About the process of writing: I certainly didn't intend to suggest that a good writer should spend all his time reading and consequently not getting any writing done! To my mind, it's understood that a good writer is most likely to be someone who has a strong hunger for writing in the first place, and who has therefore been doing it in some form or the other since a fairly early age - even if it's only jotting down rough thoughts in a notepad. And of course practice is hugely important. I think of everything I write as practice (even if it's a structured essay for a high-profile publication), and that's a process which will continue all my writing life.

  8. thanks, for the comments.

  9. Though you mentioned it was contentious, I totally agree about unconcious gender imprinting. I so look forward to seeing this movie now. In some liberal families, girls do feel a vague pressure to discard their feminity. And these are the remnants of parental psychological baggage most of the time. When we were young, I do remember very clearly that being more "boy" than the boys was the best way to be taken seriously. A certain aggression and competition came with the the territory.
    "Jalpari": Just perfect. It ties in perfectly withe Anderson fairy tale too. After all, it is the story of a girl who gives up her voice to be part of a man's world. Great review!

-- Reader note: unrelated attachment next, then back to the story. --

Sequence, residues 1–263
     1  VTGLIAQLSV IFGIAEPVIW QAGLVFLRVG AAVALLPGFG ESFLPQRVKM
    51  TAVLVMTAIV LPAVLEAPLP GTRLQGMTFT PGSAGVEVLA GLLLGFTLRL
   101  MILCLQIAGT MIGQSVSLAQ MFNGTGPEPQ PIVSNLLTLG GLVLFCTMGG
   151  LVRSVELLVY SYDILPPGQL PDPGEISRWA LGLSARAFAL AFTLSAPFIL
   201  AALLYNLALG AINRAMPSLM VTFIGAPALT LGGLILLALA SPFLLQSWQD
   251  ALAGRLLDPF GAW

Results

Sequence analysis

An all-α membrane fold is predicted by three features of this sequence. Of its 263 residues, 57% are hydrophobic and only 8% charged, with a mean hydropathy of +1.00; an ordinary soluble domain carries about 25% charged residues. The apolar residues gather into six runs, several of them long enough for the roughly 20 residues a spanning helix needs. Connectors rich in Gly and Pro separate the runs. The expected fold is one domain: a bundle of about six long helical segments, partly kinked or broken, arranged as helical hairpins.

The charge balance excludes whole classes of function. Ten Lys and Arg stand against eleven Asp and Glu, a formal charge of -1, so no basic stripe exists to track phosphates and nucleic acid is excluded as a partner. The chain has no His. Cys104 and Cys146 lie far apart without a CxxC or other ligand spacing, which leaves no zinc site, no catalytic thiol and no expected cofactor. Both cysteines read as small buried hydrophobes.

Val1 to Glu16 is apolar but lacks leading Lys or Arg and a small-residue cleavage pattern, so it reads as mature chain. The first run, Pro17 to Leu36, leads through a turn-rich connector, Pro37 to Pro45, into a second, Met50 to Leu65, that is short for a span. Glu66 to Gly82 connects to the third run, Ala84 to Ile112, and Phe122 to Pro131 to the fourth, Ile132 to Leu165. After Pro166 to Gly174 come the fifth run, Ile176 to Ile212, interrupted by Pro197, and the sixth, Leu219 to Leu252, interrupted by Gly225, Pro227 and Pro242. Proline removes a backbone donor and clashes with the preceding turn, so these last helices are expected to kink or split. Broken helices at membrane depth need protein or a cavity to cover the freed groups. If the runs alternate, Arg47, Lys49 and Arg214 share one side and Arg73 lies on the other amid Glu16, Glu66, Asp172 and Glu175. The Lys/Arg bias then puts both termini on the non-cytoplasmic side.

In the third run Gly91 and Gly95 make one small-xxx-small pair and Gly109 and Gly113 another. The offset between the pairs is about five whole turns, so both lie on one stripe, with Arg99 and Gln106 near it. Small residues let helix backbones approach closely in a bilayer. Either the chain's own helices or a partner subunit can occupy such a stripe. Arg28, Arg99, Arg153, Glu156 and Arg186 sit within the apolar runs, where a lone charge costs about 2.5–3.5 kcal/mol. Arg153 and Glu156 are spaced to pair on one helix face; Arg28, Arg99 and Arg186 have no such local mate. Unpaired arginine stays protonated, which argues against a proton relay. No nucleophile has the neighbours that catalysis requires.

10. Hi Jabberwock - First of all, thanks for the review. It was mainly because of this review that I bothered to buy the CD, and I believe it was money well spent. Jalpari is just the kind of film that slips your notice if you aren't writing about movies for a living or hooked to music channels 24X7.
    However, I do have my own quibbles with the movie itself. Like many well-meaning "message" films, this one makes it too easy for the audience to take sides. While the exact nature of evil lurking in this village is revealed as some sort of suspense twist, you already know the good guys from the bad ones. The old guard Sarpanch, the Vaid, the Bengali cook's mother-in-law are just the kind of people you'd expect to be complicit in a foeticide racket. The benevolent boxer on the other hand, can be just as surely counted on to come to the rescue when our little protagonists find themselves in peril.
    So the big 'revelation' in the climax doesn't really reveal much to us about the issue of foeticide. The epilogue that informs us about the abysmal sex ratio of that region of Haryana too, isn't enlightening - if anything, it confirms a certain stereotype. The film doesn't tell us anything about the kind of people who think they are justified in aborting female foeti - like the possibility that some of the 'nice' people in the story, the ones who support Dev in his mission, the ones who seem to be fond of Shreya, could be among the ones ushering their daughters-in-law to the ominous mobile clinic.